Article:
Solo travel in Bangkok, Thailand what to see and where to go if traveling alone
Will you soon be heading to Bangkok, Thailand as a solo traveler? Are you a little nervous about traveling alone, especially if you are a woman?
Don’t be. Not only is Bangkok one of the safest cities in the world (I am female and have been living here for 15 years with zero problems anywhere), it is also one of the most interesting.
Throw in that it is also an easy place to meet other solo travelers and, once you get to Bangkok, you will wonder why you left it so long to visit.
During any solo travel in Bangkok, there are also certain things you should do. Here is a list of things to check out during your time in this amazing city.
Khao San Road
While Khao San Road is definitely not my favorite place in Bangkok — well, I live here, it’s very tacky, quintessentially not-Thai and basically nothing more than backpacker heaven — it is a great place to get yourself acclimatized when you first arrive in Bangkok and to meet a ton of other solo travelers.
Eat cheap street food, drink Thai beer and hang out in bars and cafes on Khao San Road with other travelers who will be able to give you some excellent tips about where in Thailand to go and what to see. Find out how to get to Khao San Road here.
Stay in the area at Nap Park Hostel — which has several communal spaces that are great for getting to know other travelers. Or, if you would like to spend a little more money and have a more private experience, then ZEN Rooms offers budget hotel rooms that are clean and comfortable.
Eat Bangkok street food
Literally some of the best and cheapest food in the world, Bangkok street food is everywhere on every block, and you should eat it as much as you can. Street stalls are also wonderful for people who travel alone in Bangkok as many people eat at them solo.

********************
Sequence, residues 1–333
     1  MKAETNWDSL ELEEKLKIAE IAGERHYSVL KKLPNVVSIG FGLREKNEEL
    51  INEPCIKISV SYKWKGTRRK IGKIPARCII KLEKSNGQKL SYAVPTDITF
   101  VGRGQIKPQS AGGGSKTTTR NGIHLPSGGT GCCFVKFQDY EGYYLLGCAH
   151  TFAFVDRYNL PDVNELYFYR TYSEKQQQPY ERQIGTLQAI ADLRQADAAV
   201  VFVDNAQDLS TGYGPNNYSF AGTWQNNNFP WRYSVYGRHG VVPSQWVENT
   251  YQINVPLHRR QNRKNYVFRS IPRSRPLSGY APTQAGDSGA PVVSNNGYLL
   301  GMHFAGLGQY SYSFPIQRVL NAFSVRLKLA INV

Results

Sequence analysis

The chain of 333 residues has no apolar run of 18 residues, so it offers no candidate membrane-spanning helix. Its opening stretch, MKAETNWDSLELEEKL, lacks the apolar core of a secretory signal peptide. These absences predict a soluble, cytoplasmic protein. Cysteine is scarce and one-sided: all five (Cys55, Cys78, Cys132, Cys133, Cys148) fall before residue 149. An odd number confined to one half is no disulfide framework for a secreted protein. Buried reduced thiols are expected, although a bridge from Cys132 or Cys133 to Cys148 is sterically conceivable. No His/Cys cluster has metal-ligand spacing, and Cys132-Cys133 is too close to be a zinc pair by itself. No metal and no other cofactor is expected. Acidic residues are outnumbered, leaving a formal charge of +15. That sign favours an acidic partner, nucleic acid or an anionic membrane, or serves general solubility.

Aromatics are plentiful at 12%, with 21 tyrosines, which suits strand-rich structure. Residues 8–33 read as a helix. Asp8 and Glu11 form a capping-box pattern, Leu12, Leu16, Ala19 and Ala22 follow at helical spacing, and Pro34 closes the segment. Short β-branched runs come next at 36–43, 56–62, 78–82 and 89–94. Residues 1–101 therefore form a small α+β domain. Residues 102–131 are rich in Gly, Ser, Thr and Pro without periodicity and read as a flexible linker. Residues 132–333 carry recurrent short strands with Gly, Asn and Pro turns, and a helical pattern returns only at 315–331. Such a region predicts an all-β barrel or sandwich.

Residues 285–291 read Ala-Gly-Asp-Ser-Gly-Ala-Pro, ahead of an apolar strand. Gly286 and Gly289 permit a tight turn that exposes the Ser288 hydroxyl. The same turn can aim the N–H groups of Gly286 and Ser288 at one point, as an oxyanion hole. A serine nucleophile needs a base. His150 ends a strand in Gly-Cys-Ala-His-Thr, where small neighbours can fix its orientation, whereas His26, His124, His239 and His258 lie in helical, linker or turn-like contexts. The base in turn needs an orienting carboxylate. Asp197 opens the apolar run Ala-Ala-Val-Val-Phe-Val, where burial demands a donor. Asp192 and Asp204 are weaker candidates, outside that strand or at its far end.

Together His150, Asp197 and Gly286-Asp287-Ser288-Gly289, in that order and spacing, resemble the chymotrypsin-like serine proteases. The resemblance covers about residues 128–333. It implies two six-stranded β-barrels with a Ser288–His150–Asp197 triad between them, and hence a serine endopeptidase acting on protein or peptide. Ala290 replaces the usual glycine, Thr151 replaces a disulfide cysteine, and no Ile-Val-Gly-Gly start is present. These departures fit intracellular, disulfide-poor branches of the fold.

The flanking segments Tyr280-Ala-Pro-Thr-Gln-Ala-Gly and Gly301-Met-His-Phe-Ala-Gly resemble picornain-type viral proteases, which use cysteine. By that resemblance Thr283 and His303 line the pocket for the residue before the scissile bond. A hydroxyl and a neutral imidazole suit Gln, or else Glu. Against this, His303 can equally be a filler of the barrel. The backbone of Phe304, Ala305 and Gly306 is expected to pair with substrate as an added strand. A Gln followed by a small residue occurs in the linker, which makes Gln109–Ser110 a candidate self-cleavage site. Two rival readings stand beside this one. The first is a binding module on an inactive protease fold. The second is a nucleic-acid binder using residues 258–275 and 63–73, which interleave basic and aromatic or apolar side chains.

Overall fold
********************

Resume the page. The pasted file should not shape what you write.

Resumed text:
At a typical street stall, you can buy a plate of Thai food (som tam, pad Thai, chicken/shrimp fried rice, noodles, chicken satay with a peanut sauce dip — you name it, they sell it) for around 40 to 60 baht ($1.25 to $1.90). The food is fresh, traditional Thai and always delicious. You can also buy a bottle of water, a Coke or a beer for just a few baht more.
What to eat at a Thai street stall will give you some ideas of dishes to look for.
Just one tip to make sure you get some of the best street food in Bangkok — choose a stall that is popular with Thais, as Thais will never eat at a street stall serving food that doesn’t taste very good.
The Grand Palace and Wat Phra Kaew
Just about my favorite spot in Bangkok when it comes to tourist destinations, the Grand Palace is an opulent and incredibly beautiful palace and temple complex that you have to see to believe. It also includes the famous Wat Phra Kaew, or Temple of the Emerald Buddha, which houses a stunningly beautiful Buddha statue carved from one enormous emerald.
Just make sure you are appropriately dressed for a temple as, if you are not, officials will make you rent clothes before they let you in.
And, if someone stops you at the gate and tells you “The Grand Palace is closed today”, it is not. It is a well-known scam from touters trying to get you to take a tuk-tuk tour to a local jewelry shop. Ignore them and head to the Grand Palace where you will see it is most definitely open.
Get there early as, after about 10.30 am, it is unbelievably crowded.
Chatuchak Weekend Market
Chatuchak is quite literally one of the best places you will ever visit if you love to shop, grab a cheap coffee, breath in the local sights and sounds, or hang out in a bar drinking beer and watch the crowds walk by.
This open-air market has over 15,000 stalls and sells everything from cheap clothes, DVDs and CDs, Thai handicrafts, artwork and house supplies to exotic animals and pets.